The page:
Evaluation 2017: From Learning to Action

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"Assessing M&E practice, evidence and Return on Investment (ROI) of interventions in complex emergency settings".

Session Number: 3168
Track: Disaster & Emergency Management Evaluation
Session Type: Panel
Tags: Actionable Results, advancing evidence, after-action report, Aid dependency, aid effectiveness, aid organizations, Analysis/interpretation:mixed methods, behavior change, benefit-cost analysis, Budget Data in Evaluation, Causality, client relationships, community context, Cost Benefits, Cost-effectiveness analysis, credibility and use, Criteria and Standards, development cooperation, disasters, displaced populations, efficiency, emergency preparedness, emergency response, Evaluation criteria, evaluation guidelines, evaluation practices, evaluation stakeholders, evaluation tools, evidence, evidence synthesis, food security, Foreign assistance, fragile and conflict environments, generalizability, health and social services, Humanitarian Evaluation, Humanitarian Response, Impact Assessment, lessons from the field, meta-evaluation, mortality and morbidity, nutrition, OECD-DAC, post-conflict, public health, Resilience, shelter, Social science methods, stakeholder involvement approaches, sustainability, systematic review, validity, Valuation, Vulnerable populations
Session Chair: Michael Zeleke [Knowledge Management and Learning Advisor - Macfadden and associates / USAID/OFFA ]
Presenter 1: steven hansch, MPH [Director - IBTCI]
Presenter 2: Dale Miller Hill [Senior Consultant - Independent]
Time: Nov 09, 2017 (01:15 PM - 02:00 PM)
Room: Marriott Balcony B

Abstract 1 Title: Donor Guidelines for Emergency Relief Evaluations: How They Treat Return on Investment and Value for Money
Presentation Abstract 1:

Steven Hansch will compare the evolution of donor approaches to monitoring and evaluation of relief, including the gradually emerging attention to Return on Investment (ROI) and Value for Money (VfM). RoI is more often referenced in the United States and VfM in the United Kingdom and Canada.  This session will articulate how these tools can be readily applied in crisis situations to determine the effectiveness of health, nutrition, shelter and food aid programs. Ideally, the analysis of the “bang for the buck” would be predicated both on distinct theories of change of projects as well as their ability to scale up.  The speaker will also draw from real world cases, e.g. post-earthquake Haiti, to critique the reluctance of operational and donor agencies to learn how best to use these tools, and the implications of the wide range of calculated ROIs seen across interventions and settings when they were applied.

Abstract 2 Title: Assessing Strength of Evidence on Effectiveness of Humanitarian Interventions: Donors’ and Stakeholders Perspectives; Rigor and Actionability.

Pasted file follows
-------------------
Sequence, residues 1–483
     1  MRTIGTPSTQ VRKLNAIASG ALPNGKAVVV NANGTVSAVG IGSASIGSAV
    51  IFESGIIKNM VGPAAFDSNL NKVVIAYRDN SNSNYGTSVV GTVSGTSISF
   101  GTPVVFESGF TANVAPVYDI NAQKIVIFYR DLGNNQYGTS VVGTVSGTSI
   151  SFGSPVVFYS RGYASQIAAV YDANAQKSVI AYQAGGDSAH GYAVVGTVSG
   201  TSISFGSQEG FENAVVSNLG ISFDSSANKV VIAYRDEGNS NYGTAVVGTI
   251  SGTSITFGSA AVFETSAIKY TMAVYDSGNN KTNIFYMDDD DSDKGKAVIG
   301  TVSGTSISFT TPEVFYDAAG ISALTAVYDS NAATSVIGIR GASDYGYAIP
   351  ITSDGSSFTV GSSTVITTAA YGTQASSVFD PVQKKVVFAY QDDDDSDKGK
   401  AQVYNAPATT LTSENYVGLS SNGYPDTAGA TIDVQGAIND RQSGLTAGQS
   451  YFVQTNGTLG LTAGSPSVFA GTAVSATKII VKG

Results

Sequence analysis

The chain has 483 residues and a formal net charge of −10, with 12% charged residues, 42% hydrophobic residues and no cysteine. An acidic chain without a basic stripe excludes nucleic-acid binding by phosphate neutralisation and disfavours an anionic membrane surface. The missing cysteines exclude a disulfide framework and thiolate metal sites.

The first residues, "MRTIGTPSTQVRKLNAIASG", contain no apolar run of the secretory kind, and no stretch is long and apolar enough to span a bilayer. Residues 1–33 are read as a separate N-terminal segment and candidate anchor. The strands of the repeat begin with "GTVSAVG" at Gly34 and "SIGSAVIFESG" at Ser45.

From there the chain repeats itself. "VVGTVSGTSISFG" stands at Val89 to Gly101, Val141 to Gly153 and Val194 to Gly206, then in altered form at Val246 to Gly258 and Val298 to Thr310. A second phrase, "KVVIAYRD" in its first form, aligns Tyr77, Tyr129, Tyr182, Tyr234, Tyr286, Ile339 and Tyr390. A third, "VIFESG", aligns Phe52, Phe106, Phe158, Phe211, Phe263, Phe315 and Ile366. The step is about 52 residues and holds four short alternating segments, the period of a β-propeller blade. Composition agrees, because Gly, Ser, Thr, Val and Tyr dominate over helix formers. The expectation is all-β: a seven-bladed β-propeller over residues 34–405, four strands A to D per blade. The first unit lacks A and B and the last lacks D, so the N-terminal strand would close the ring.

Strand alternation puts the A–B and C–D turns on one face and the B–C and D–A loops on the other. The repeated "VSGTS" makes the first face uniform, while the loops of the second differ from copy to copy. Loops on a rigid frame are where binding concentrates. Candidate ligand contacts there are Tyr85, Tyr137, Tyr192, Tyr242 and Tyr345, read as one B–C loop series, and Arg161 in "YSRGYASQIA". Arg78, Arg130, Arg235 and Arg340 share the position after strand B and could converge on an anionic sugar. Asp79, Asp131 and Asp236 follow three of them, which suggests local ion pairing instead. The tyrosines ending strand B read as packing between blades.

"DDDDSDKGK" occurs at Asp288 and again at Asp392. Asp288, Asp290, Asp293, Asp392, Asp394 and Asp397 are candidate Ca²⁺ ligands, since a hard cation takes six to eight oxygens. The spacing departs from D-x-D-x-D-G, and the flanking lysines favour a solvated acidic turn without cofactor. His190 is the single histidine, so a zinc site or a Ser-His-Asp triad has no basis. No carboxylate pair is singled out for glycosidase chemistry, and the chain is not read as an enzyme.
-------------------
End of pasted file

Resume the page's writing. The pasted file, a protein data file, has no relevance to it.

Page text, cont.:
Presentation Abstract 2:

Dale Hill, Independent Consultant, will discuss the need for evidence on the effectiveness of humanitarian interventions. The most popular criterion for judging evidence has been based on rigor of methods. Ms. Hill will present a wider set of perspectives. First she will assess how well the United Kingdom Department for International Development‘s guidance-“Assessing the Strength of the Evidence” (2014)- applies to the humanitarian sector. Second, she will discuss the importance of stakeholders’ perspectives in judging quality of evidence—it must be actionable and inform the decisions they wish to make. Ms. Hill will present cases to illustrate how these different perspectives can be applied in humanitarian situations. She may also comment on  the previous speaker's presentation,  noting the limitations of considering cost-effectiveness alone, and the  importance of considering criteria used in behavior theory such as acceptability, practicability, affordability, safety/side-effects, and equity, all criteria on which stakeholders need to be consulted.   

Theme: Learning What Works and Why
Audience Level: Intermediate

Session Abstract (150 words): 

The session will explain guidelines that have emerged over time to judge the effectiveness of humanitarian action, and the degree to which they have proved successful in application on the ground. The first presenter will focus on guidelines on cost-effectiveness, which, from one donor have favored “Return on Investment” methods, and for others, “Value for Money”. The presenter will talk about the differences, how they should be applied, and some case evidence on the still wide range of analysis they bring to the still tricky subject of effectiveness of humanitarian aid. The second presenter will discuss recent guidelines issued by the United Kingdom’s Department for International Development (DFID) to judge quality of evidence, and their relevance in particular cases, adding the importance of considering also stakeholder perspectives which require actionability, and a contribution to the decisions they wish the study or evaluation to inform. 

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Cancellation Policy: Refunds less a $50 fee will be granted for requests received in writing prior to 11:59 PM EDT October 16, 2017. Email cancellation requests to registration@eval.org. Fax request to (202) 367-2173. All refunds are processed after the meeting. After October 16, 2017 all sales are final. For Evaluation 2017, international attendees and presenters who encounter complications due to the international travel environment will have up to 30 days after the event to request a refund and submit appropriate documentation. No administrative fee will apply for the international requests. The $50 fee will be waived for registrants who planned to travel into the US and experienced international travel issues.